Some rules aren't written down. In this guide we shed a little light on the unspoken rules of the Australian road...
Learning to drive means following the law: Giving way to the right at a roundabout. Slowing down in a school zone. However, some road rules are not written into state or Australian law, but are vitally important all the same.
The onus of responsibility is on each of us to pass onto these rules to the new drivers coming onto our roads. Here are a few of the rules that come into play when you get behind the wheel for every road trip with your mates, for each family holiday, or even for a trip to the local Westfield.
Calling shotgun has responsibilities
Called shotgun? I am assuming, of course, that you were in sight of the vehicle and followed all standard shotgun rules. If you won shotgun fair and square keep in mind that great power (the front seat) comes with great responsibility.
You need to set the air conditioning to the likes of the other passengers. You also need to take care of the driver; this includes passing them water, warning them of easily missed speed cameras and also passing around any food should you opt for drive-through.
Paying for petrol
This mainly comes into play on road trips or longer drives, but it may also be an issue if the driver is the main source of transportation in your group of friends.
The main points to keep in mind are how long you're travelling for, the costs incurred by each passenger for other parts of the trip, and if the driving is being shared. Also, the food being contributed to the trip by each passenger. The bottom line? Don't be a scab.
Picking the tunes
This was a hotly debated issue amongst the finder.com.au team. Two main options came out of the discussion – if you are the driver, you can pull the "my car, my rules" trump card and choose the music yourself, enlisting the help of your shotgun passenger to DJ.
However, the front seat passenger, as the DJ, also has a right to choose some of the music. Apart from complaining, if you're in the back seat this guide cannot help you.
Warning other drivers of "danger"
This is an unspoken Australian classic. If there is an accident or other dangers on the road that drivers might want to avoid, you can flash your lights at oncoming cars to warn them. Keep in mind that doing this to warn drivers of upcoming police operations (such as speed cameras) is still illegal.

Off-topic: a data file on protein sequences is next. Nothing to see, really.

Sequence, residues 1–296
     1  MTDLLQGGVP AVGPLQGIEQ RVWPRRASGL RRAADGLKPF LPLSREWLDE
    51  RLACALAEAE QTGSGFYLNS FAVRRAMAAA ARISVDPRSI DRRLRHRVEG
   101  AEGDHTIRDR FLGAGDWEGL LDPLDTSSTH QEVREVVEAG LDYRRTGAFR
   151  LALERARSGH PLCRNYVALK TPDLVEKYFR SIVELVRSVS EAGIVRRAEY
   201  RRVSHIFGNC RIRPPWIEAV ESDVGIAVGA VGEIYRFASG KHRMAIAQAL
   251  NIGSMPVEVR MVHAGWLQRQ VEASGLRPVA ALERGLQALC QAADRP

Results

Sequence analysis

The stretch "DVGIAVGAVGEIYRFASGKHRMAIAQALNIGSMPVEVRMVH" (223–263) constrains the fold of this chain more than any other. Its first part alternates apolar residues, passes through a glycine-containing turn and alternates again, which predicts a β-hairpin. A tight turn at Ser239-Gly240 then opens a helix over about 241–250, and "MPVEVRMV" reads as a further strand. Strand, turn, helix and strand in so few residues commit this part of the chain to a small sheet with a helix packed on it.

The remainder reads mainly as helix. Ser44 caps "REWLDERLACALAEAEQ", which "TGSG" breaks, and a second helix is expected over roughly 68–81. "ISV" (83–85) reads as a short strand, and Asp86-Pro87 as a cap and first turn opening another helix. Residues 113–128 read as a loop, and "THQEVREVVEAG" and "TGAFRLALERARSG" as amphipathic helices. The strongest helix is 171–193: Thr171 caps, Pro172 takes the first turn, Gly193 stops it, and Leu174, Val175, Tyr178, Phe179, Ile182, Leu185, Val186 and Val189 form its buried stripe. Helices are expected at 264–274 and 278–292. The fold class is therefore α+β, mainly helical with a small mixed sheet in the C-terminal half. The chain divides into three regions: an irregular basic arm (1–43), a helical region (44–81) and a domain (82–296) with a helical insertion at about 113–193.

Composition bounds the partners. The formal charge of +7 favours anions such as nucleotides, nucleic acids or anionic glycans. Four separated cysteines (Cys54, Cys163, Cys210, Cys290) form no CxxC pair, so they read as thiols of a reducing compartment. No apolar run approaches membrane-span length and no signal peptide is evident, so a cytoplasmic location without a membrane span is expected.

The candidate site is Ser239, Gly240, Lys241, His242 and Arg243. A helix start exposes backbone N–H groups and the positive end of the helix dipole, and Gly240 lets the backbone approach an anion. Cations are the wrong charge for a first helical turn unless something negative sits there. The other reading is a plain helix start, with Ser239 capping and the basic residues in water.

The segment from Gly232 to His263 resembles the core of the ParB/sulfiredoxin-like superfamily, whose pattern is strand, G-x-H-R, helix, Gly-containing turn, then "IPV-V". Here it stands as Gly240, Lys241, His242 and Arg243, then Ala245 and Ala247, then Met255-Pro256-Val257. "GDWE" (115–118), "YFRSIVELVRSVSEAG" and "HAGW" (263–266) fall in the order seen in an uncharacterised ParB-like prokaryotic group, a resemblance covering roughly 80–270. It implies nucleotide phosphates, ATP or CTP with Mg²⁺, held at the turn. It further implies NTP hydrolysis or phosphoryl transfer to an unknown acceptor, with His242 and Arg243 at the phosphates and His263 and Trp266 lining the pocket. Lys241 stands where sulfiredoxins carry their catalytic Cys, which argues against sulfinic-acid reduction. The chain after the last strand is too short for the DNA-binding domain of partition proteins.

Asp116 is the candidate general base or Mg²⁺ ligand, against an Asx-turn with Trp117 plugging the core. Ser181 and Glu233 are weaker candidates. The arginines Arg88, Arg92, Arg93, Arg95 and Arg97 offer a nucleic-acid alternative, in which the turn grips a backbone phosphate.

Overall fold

Hitchhiking is more common in other countries, especially in Europe, but you may come across some hitchhikers while journeying across this great brown land of ours. This is why it helps to have a steadfast rule about whether you'll offer a lift.
Generally, it's up to whoever owns the car, but it can always be put to a vote. Always remember to use a good sense of judgement, and don't offer a lift to anyone who looks like Mick from Wolf Creek.
No returns means no returns
Punch buggy rules: if you see a VW Beetle, you yell out "punch buggy no returns". As long as you say "no returns", they can't punch you back. There's isn't any recourse for this. You just can't do it. It's un-Australian.
Stopping for Maccas
Maccas, or McDonald's as it's known outside of Australia, is one of the fast food haunts many Australians will remember from family road trips. This makes it a go-to stop for many when you're road tripping with friends, or even for another family holiday. Plus, the toilets are clean, as your Nana always used to point out.
Even when you're driving in the middle of nowhere, you'll come across a Maccas sooner or later. Aussie road rules demand that you should make a stop.
The charging of the phones
When deciding whose phone gets to be charged, it should be very simple. Is your phone playing music? Stick it on charge. Is your phone about to die? Put the charger in. Compare percentages. And remember to charge your phone overnight, you loser.
Buying snacks at pit stops
This is generally split, or you take turns buying the snacks. If you want anything out of the ordinary that makes it more expensive (think opting out of a two-for-one deal because someone wants a different brand of chips), then they need to pay for their own chips. Bogans.
Windows or air-con?
As this relates to petrol, it's the driver's decision whether to keep the windows down or keep the air conditioning on.
We hope this guide will help you on your next driving adventure. If you have any rules to add, let us know in the comments below.
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